val userAccountMap2: Map[UserID, AccountId]

makes sure you don't mix up the two

the former type alias can be sometimes useful just for readability From might be more telling than String but it's easy to overdo and sometimes a bit of a pain when debugging. types can shine when you need to do e.g. partial application type StringKeyMap[A] = Map[String, A] for some T[_] constraint.
Dominic Egger
@GrafBlutwurst
there's more you can do with both but just for example purposes
phip123
@phip123

Thanks! If it's okay for you, I would like to have your opinion on my approach to model an Email. :)

  final case class Domain(domain: String) extends AnyVal
  final case class Name(name: String) extends AnyVal
  final case class User(name: Name, domain: Domain)
  final case class Data(data: String) extends AnyVal
  final case class Subject(subject: String) extends AnyVal
  type Users = List[User]

  final case class Email(from: User = User(Name(""),Domain("")),
                         to: Users = List(),
                         data: Data = Data(""),
                         subject: Subject = Subject(""))

Is type Users = List[User] reasonable/justified or unnecessary?

Fabio Labella
@SystemFw
@phip123 I would avoid it
type synonyms in general are in my opinion a false help: they look useful, they end up being harmful
either use a class (if you have some invariants to enforce), or just the plain List
phip123
@phip123
ok, thanks!
Shivam Panjeta
@shivampanjeta
Regex query
12,34,56,78 to 123456.78
12.34.56,78 to 123456.78
12,34,56.78 to 123456.78
basically I want to handle different currencies to double, without knowing the user's locale
sheryl11
@sheryl11
image.png
image.png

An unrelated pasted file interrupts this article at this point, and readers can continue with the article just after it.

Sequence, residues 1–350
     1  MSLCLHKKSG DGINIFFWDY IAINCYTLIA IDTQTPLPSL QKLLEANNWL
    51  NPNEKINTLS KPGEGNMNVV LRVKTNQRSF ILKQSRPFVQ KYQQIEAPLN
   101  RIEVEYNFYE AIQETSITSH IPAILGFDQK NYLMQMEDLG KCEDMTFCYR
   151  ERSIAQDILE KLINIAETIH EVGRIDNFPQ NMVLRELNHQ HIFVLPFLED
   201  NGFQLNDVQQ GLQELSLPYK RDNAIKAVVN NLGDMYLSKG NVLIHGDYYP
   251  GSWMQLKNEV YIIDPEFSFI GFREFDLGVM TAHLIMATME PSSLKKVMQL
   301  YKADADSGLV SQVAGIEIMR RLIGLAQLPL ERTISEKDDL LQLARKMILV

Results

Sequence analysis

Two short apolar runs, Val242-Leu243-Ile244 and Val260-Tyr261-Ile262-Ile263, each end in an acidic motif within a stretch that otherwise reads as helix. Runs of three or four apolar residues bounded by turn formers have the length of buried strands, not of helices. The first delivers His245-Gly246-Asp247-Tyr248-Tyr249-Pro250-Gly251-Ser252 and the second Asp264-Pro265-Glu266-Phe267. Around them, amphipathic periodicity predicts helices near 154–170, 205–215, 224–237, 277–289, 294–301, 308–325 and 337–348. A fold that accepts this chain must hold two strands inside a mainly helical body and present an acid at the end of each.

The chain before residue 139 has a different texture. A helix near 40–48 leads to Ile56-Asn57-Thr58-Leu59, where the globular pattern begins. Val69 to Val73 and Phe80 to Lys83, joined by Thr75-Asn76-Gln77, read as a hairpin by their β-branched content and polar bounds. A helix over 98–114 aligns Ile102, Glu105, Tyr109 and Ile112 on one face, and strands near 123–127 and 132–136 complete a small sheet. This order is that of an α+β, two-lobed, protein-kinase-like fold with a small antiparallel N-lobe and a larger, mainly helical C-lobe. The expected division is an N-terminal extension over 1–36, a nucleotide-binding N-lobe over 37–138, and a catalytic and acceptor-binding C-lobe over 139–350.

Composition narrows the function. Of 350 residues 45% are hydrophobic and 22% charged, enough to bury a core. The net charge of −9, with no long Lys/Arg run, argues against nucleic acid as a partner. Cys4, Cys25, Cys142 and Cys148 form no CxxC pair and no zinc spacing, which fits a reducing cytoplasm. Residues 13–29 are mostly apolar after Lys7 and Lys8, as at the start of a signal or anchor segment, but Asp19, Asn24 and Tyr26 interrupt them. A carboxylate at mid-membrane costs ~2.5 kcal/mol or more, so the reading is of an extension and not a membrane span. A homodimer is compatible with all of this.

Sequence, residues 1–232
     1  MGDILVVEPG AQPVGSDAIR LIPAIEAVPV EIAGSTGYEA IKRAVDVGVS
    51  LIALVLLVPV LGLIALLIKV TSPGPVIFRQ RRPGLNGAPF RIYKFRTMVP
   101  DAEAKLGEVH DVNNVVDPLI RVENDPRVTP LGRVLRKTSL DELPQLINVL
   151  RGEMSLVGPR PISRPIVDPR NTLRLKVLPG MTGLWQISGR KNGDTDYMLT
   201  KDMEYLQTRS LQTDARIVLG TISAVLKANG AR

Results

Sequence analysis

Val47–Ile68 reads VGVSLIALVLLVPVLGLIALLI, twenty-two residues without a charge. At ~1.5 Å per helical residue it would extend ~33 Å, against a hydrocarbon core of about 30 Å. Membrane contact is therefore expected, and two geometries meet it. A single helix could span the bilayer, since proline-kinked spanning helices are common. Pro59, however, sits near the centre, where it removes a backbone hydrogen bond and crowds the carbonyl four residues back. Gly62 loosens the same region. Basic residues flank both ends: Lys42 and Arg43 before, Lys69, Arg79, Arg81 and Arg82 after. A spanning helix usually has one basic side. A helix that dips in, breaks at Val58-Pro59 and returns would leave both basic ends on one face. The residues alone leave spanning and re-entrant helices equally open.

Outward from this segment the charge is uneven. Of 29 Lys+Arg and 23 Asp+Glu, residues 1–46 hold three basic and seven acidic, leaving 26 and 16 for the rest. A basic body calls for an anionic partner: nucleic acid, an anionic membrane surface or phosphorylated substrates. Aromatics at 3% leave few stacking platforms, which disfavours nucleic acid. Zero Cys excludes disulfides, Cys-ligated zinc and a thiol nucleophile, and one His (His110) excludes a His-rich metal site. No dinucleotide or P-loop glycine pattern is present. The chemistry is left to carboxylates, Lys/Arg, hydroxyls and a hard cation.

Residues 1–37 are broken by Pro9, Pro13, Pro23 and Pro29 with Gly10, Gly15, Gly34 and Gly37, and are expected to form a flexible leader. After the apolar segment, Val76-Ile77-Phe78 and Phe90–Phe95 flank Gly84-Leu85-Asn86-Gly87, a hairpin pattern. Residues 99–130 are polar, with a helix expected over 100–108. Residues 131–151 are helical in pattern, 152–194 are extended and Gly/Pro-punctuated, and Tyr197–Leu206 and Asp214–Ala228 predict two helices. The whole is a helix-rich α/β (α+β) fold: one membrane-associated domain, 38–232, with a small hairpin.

Shivam Panjeta
@shivampanjeta
p.replaceAll("[,.](?=[0-9]+[,.])", "").replaceAll(",", ".");
does this thing look fine to you guys for my use case?
Luciano
@lJoublanc
@shivam-panjeta have you looked at whether Pattern has conversions that can do this for you automatically?
I recall it had some special handling of locales.
Shivam Panjeta
@shivampanjeta
But I don't know the locale
Luciano
@lJoublanc
But the system does..
Shivam Panjeta
@shivampanjeta
NumberFormat format = NumberFormat.getInstance(Locale.FRANCE);
Number number = format.parse("1,234");
double d = number.doubleValue();
say this
but I don't want to take locale into account
Sherif Mohamed
@sherifkandeel

Could someone explain to me how flatmap in Try works? in case of success, this is how you apply flatmap

override def flatMap[U](f: T => Try[U]): Try[U] =
    try f(value) catch { case NonFatal(e) => Failure(e) }

But it doesn't make sense to me, because f(value) returns Try[U] which will never throw exception, why there's catch?

Fabio Labella
@SystemFw
@sherifkandeel it also guards against the case where f throws an exception before returning Try
Sherif Mohamed
@sherifkandeel
@SystemFw that is what confuses me. f is supposed to encode the exceptions in the Try that's the whole point of returning a Try so I was skeptical it's just an extra safeguard
Abdhesh Kumar
@abdheshkumar
@sherifkandeel Try.flatMap is a abstract method and it is overridden by sub-types(Success,Failure). let say you have val t: Try[String] = Success("Hello") so when you call it t.flatMap then It will call Success.flatMap. Success.flatMap know to how to run given function which is happy path.
Fabio Labella
@SystemFw
@sherifkandeel yes, it's supposed to do that but the code is guarding against the case where this doesn't happen